Sponsored by Workopolis: Job seekers are not the only ones trying to make an impression during a job interview. Hiring managers and recruiters are also on the spot, and without realizing it, you might be turning off talented candidates.
Have you noticed people turning down job offers or second interviews? You might be making some very avoidable interview mistakes. This might not seem like a big deal, but in fact, it can damage your employer brand, and affect your bottom line: 69 percent of candidates are less likely to buy from a brand if they have a bad interview experience.
So, if you’re having trouble filling roles, take some time to reflect on your interview etiquette. Can you make some easy changes?
Not being on time
Being on time for a job interview is rule number one for interviewees, but hiring managers will often leave a nervous candidate sitting in the lobby while they answer a few more emails. Let’s put it simply: don’t let your candidates wait. Fine, things happen, and if there is a crisis, people will often understand, but don’t make it a habit. The interview should start on-time, every time.
“When we talk about employer branding, it often starts with these kinds of experiences,” says Shawn D’Souza, a talent acquisition manager in Toronto. “Don’t forget that the interviewee is also trying to decide if he or she wants to work for your company, so if a hiring manager shows up late, it can really create a negative impression,” he says.
Not paying attention
Yes, your to-do-list is two pages long, but when you’re in the interview room, that’s where your focus should be. Checking texts and emails is incredibly rude, and can interrupt the candidate’s train of thought. It also makes it harder for you to pick up on subtle but important cues that can help you figure out if the applicant is a good fit for your organization.
“Would you like it if someone started looking at their phone while you were in the middle of saying something? Probably not, so make sure you don’t treat applicants the same way. Remember that everything you do reflects the brand,” D’Souza says.
Having unrealistic expectations
One of the biggest mistakes you can make when trying to fill a job opening is to load the posting with unrealistic demands and requirements: four degrees, 10 years of experience, and fluency in three languages. But you can also bring these kinds of expectations into a job interview. It’s fine to have standards, but you should be realistic and give everyone a chance.
For more job posting tips and templates, download Workopolis’ free Practical Guide to Writing Job Postings.
Not understanding the role
If you haven’t written the job description, you should know what’s been listed there. More importantly, you should the details about what the role requires (on a day to day basis) and how it will fit into your team. Ambiguity in any way is a major red flag for a lot of candidates – remember that they are also trying to understand if this is a good fit for them.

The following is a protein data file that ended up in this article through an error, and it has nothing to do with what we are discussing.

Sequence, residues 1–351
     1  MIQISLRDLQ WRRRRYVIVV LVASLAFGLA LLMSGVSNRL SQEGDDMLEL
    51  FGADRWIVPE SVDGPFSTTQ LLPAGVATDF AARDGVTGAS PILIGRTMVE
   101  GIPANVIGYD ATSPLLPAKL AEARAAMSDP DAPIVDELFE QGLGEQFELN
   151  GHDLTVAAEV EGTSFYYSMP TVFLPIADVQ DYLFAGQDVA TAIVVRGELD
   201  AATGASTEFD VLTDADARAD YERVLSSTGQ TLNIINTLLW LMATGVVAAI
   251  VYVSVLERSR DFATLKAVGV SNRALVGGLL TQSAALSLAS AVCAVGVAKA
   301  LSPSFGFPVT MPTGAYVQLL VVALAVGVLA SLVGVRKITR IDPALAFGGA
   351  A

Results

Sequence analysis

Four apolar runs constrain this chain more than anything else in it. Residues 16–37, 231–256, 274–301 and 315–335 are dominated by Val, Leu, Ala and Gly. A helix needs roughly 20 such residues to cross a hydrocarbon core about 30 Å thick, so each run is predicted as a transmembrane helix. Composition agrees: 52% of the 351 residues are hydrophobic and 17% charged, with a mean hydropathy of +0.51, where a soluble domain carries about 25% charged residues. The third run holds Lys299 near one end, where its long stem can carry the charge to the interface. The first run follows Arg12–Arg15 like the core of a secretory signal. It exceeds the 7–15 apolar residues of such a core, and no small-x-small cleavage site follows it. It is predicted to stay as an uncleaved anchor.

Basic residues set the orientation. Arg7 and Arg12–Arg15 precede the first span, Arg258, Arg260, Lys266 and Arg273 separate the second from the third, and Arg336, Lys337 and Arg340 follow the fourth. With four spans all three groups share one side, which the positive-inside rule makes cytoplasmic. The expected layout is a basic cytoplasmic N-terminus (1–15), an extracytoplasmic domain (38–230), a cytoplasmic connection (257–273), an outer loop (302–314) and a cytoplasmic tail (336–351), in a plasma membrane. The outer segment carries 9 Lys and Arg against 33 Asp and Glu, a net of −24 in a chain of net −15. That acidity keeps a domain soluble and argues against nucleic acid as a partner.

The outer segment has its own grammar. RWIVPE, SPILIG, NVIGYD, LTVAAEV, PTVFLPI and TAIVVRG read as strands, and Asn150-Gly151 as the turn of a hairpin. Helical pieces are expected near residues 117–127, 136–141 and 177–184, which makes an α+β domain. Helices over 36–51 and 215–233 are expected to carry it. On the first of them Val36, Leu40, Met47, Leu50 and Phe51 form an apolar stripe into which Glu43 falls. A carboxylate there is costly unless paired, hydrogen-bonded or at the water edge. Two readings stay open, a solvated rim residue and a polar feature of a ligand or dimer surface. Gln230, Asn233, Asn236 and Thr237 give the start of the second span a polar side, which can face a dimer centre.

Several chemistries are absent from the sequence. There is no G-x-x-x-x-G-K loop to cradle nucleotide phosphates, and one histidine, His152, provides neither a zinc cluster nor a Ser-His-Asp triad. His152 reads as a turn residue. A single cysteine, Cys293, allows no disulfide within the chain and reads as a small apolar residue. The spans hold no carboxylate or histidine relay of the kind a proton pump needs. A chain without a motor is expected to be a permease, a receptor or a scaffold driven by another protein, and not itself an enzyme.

“The same way you’d expect an applicant to come prepared and to have researched your company, you should be well-informed about the role. An interviewee should leave wanting to work for your company, and this can only come when they have a clear sense of what the day-to-day looks like, and how they would fit into the overall structure,” D’Souza says.
Asking “quirky” questions
This can be many things. It can involve not catering questions to the specific job (asking about past examples of teamwork makes sense for a manager, but not a truck driver). It can also mean asking strange questions. Yeah, that might give you a sense of a person’s character, but if you’re not careful, you can also come off as unprofessional.
“I don’t doubt that it’s fun asking a person if would rather fight one horse-sized duck or 100 duck-sized horses, but I think it’s debatable how valuable that answer is to your hiring decision,” D’Souza says.
Not coming prepared
Nothing is worse for a job seeker than a hiring manager sitting down in front of them and admitting they have not looked at the candidate’s CV. This can send a bad message to the job seeker about you and the company, but it can also hamper your hiring process.
“Again it’s all about being prepared. The more time you look at the applicant’s qualifications and background, the better the interview will be, and the easier it will be to determine if they are the right fit for your company,” D’Souza says.
Being too tough
Hiring is a serious business, but the candidate isn’t on trial. A smile and some work appropriate humour can break the ice, and sets the tone for the workplace – an extra-important consideration when it’s the candidate’s first time in the office.
“In the end, a job interview is really just a conversation. You want people to be relaxed and honest, so remember to keep it friendly,” D’Souza says.
Forgetting to be polite
This might sound obvious, but it’s surprisingly common for a hiring manager to fire off questions as if the interview is an interrogation. This can make candidates clam up – which means you might miss out on a superstar.
While these interview mistakes are the most common, there are others that are far more serious. Ageism, sexism, racism, and all the other nefarious isms that are prohibited by law can worm their way into our psyches without constant vigilance. Remember to enter every interview with an open mind.
About the author: Workopolis is Canada’s leading career site for job seekers and a leader in HR technology solutions for employers
– By Workopolis